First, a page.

It's been over a month, the worst is behind me and I am home recuperating. I had no access to my computer the entire time or I would have been blogging religiously, as this was some experience! Unfortunately, no computers allowed where I was, so I wrote on paper.
What I will attempt to do over the next several blogs is record my last month. These are times I never want to forget. Not sure how I'll blog in reverse, but I'll give it a shot.
First, though, HUGE THANKS, to all of you who keep up with my little adventures for emailing me during this ordeal. It was amazing to hear from everyone, and the little notes and emails kept me going on some tough days!
When I posted last, I described the days of going to give blood in preparation for surgery. A week later I was to check into the hospital, so that's a good place to pick up.
I was scheduled to check into Ospedale Civile here in Venice at 8:00 am on November 15, have tests during the day, with surgery set for the morning of November 16. I had been told ahead of time to bring a suitcase of personal items like pajamas, underwear, and toothpaste, and also two important items: stampelle and monocollante. Stampelle are crutches. Monocollante are these very thick stocking/sock- like things which you must wear to reduce the possibility of blood clots after surgeries like this.
For both of these items we visited our local farmacia. Our farmacista has been fabulous, so we knew she'd be able to tell us where to go for these things. Fortunately, she handled it for us. She had stampelle, Mike purchased a pair for 30 Euro. She told him she needed to make measurements of my legs, so I had to return laster that afternoon. I showed up at the farmacia, she took me behind the counter and proceeded to measure around ankle, thigh, calf, and whole leg measurement. She got on the phone, made an order and told me to return the next day, with 42 Euros for each of the socks (you must have one for each leg). Done. Little did I know then that these sock like things were going to have an important role during the next month! More on that later.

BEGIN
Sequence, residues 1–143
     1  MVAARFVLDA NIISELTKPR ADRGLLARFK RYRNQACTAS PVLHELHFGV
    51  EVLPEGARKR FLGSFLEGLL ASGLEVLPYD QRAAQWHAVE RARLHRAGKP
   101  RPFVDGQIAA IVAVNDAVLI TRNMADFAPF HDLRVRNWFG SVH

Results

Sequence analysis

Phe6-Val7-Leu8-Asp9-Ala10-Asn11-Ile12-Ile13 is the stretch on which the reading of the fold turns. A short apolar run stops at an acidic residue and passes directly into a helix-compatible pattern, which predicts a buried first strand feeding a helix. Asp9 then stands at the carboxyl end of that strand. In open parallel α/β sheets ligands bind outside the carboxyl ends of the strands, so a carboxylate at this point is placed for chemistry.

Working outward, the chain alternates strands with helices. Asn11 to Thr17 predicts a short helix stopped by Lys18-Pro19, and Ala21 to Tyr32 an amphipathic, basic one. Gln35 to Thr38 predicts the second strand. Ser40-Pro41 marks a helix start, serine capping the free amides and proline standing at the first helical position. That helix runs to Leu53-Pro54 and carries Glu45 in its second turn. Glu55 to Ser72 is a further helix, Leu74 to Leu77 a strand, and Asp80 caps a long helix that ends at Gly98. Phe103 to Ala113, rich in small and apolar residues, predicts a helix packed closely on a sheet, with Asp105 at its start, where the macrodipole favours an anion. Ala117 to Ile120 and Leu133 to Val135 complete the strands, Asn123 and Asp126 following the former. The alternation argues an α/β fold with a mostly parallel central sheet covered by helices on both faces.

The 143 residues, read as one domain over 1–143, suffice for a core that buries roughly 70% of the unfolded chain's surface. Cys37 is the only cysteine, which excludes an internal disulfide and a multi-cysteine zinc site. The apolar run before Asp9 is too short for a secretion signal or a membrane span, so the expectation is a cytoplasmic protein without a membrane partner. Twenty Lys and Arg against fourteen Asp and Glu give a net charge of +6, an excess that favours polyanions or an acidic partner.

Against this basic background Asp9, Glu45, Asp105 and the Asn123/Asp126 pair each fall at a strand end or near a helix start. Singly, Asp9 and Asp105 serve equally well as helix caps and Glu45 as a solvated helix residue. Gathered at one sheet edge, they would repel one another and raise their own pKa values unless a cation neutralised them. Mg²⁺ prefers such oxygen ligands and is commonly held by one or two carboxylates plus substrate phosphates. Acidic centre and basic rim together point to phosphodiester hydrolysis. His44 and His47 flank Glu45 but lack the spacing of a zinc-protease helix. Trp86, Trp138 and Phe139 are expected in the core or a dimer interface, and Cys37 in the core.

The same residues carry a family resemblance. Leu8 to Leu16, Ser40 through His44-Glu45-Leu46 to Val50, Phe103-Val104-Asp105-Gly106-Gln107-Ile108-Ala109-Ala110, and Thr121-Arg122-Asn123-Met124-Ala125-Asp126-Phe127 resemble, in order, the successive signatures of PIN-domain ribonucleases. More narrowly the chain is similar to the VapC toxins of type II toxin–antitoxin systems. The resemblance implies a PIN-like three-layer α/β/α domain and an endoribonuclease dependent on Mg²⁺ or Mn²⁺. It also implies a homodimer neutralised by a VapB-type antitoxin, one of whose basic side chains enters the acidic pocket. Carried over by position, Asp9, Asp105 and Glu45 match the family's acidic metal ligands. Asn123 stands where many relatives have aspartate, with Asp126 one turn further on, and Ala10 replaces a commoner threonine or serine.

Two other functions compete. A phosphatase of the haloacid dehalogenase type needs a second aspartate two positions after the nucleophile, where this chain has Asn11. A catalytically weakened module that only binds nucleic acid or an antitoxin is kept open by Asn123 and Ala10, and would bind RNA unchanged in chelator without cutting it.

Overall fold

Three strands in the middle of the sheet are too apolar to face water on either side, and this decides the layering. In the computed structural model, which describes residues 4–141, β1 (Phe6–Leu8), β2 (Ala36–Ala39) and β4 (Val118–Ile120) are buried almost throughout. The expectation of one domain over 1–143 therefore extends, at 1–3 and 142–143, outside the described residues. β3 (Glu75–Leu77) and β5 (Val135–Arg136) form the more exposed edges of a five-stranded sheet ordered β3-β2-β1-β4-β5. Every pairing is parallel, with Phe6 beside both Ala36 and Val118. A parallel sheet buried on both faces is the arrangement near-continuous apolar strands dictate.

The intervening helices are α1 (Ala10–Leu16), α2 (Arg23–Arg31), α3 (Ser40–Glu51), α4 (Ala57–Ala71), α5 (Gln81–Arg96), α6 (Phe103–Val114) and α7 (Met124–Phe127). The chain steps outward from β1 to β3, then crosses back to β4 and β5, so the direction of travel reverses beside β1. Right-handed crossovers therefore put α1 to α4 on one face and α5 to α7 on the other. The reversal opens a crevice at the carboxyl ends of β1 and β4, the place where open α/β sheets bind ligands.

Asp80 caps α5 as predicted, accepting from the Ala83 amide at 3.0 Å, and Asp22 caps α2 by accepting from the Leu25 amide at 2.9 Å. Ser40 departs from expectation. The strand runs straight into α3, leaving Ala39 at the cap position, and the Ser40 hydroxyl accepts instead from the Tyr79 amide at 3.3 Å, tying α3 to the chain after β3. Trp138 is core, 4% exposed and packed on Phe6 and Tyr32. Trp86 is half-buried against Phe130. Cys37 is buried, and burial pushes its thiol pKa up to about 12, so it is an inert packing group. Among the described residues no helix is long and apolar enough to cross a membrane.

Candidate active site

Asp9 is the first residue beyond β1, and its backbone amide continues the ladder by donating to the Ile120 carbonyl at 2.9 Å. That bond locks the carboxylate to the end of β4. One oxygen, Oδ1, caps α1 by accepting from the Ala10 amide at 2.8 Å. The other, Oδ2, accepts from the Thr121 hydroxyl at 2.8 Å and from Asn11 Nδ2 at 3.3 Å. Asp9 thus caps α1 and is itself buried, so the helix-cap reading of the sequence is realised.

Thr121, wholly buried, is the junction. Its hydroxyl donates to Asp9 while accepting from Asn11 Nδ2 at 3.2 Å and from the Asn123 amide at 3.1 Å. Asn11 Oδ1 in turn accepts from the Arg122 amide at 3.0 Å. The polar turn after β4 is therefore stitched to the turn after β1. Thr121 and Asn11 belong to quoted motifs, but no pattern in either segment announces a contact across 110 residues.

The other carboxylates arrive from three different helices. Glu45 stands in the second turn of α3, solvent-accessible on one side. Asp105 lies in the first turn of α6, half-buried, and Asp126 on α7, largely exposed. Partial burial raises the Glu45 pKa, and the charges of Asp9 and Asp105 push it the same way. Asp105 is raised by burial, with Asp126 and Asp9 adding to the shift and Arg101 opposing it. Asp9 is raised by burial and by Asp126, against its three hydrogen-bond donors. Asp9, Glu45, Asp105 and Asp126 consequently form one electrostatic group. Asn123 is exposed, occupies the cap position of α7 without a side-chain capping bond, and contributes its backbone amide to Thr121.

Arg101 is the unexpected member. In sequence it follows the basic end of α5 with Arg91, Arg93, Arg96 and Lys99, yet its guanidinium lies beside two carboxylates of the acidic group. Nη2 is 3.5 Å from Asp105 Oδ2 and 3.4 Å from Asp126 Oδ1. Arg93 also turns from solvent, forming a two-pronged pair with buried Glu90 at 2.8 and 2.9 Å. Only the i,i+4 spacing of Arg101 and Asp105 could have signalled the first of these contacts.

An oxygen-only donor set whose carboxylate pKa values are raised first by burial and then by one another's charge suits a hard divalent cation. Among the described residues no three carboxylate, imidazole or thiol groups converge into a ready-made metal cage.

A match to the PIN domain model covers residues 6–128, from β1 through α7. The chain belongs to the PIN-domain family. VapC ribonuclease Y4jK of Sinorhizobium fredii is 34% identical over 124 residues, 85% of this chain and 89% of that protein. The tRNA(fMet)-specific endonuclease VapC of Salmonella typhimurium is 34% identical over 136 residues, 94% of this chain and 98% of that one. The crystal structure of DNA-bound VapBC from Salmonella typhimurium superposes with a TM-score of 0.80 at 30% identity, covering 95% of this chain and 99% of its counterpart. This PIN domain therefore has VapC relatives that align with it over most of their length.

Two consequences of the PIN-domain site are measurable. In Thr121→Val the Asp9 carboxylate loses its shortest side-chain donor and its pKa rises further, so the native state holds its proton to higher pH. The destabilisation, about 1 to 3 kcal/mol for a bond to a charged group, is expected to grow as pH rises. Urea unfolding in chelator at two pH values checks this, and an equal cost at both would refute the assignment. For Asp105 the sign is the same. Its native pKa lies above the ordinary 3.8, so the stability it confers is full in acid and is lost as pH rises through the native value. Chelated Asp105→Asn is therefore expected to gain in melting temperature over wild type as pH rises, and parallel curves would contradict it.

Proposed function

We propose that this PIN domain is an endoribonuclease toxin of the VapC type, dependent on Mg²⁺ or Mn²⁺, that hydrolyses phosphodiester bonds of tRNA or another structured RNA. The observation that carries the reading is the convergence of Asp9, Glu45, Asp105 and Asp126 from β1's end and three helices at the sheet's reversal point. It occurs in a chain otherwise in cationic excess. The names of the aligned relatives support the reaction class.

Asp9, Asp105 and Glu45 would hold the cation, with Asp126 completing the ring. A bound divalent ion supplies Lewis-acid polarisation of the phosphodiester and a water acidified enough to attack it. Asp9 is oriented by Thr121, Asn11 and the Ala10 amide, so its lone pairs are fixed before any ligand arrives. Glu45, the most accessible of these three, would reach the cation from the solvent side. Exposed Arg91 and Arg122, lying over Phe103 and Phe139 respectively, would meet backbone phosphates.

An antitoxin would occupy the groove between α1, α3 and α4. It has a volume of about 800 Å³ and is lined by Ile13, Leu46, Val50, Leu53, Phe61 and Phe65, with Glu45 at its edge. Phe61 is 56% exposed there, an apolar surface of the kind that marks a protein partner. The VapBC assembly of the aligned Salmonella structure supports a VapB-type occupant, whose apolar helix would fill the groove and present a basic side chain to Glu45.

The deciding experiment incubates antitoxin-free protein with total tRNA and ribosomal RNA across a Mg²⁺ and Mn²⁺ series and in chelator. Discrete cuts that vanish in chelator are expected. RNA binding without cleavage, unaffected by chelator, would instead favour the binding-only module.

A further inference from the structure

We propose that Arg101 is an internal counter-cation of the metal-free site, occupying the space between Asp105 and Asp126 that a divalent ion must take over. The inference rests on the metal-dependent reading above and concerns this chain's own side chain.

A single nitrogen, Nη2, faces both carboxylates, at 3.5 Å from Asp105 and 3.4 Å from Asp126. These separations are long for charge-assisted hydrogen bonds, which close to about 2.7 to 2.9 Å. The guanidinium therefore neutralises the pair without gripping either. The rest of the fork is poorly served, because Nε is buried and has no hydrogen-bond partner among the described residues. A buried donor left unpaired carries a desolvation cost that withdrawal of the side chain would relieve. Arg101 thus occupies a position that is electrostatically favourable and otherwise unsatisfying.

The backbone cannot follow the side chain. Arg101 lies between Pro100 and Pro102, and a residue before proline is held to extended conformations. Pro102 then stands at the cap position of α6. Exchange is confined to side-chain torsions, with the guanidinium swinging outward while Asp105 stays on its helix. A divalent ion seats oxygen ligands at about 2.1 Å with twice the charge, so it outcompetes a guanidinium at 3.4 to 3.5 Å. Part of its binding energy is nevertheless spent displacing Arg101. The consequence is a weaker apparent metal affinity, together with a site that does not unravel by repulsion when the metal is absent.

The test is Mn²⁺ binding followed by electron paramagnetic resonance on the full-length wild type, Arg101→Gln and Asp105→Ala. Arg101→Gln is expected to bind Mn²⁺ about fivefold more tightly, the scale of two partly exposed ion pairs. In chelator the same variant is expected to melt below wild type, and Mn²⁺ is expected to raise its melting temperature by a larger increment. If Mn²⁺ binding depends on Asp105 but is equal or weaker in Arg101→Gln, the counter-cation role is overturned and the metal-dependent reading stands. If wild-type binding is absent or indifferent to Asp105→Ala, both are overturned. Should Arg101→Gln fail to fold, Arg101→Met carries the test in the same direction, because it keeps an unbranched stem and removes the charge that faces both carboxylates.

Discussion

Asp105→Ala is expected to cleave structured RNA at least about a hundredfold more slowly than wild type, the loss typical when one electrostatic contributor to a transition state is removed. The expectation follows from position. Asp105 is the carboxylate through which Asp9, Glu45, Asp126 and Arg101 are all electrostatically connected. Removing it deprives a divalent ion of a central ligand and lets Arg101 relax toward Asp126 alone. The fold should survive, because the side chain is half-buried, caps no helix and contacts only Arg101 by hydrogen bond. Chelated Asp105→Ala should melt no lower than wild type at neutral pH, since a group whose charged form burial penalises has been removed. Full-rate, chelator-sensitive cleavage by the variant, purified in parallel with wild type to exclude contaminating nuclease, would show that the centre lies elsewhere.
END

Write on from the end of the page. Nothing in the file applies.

With my bag packed, stampelle and monocollante included, on the morning of Nov 15 Mike and I left the house at 6:30 am to catch the #52 boat to Ospedale. Wouldn't you know it that morning, because of fog, the 52 wasn't running! So, we caught a 42 for Fondementa Nove and walked the remaining distance to Ospedale, which caused us to be about 15 min late.
Being late didn't seem to matter, even after we ran around several floors trying to find the right place. We eventually located the waiting area for Orthopedia and rang the bell. No one came.
A few nurses went in and out, I spoke to each one explaining I was here to be checked in and no one seemed to know what was going on. We continued to wait. After about 2 hours, a nurse finally came and told me that there were no beds for me available that day, I would have to return tomorrow, but first had to go have x-rays taken. A nurse came, took me off to x-ray, and left. When the x-rays were completed, I walked myself back to Orthopedics, told the nurse I was finished, and she said "go home, be back here at 7:30 am tomorrow". I had expected to meet the dr. who would perform the surgery that day, and told the nurse this. She said, "ok, talk to the dr, he is right there. " OK. In my halting Italian, I asked the dr a few questions. He opened my file and handed me a 3 page document I had signed earlier which described all the complications possible with a surgery like mine. What I had wanted was a little explanation of what would happen during the surgery, not what could happen as a result of it. The nurse handed me a form to sign, which essentially was giving my permission to be released overnite, and off we went home.
To be honest, I was relieved to be sleeping at home that night. It took alot of the nervousness away for me.
The next day, we repeated the trip to Ospedale Civile and arrived in plenty of time. I rang the bell at Orthopedics. This time, a nurse came right out for me, and ushered us inside. She explained that I was first in line for surgery that day, there still was no bed for me, but there would be one by the time I came out of recovery. They had me change into a hospital gown, and the nurse put a few drops of something into a little plastic cup for me. She said this would relax me some. She was right. Whatever was in that cup was perfect. My fear and nervousness were miraculously gone, and I was on that gurney ready to go! Mike had my bag and stampelle, he was going off to wait in the waiting room, and I was wheeled off to surgery- feeling quite happy. There were alot of days after that I wished for more of whatever those magic drops were.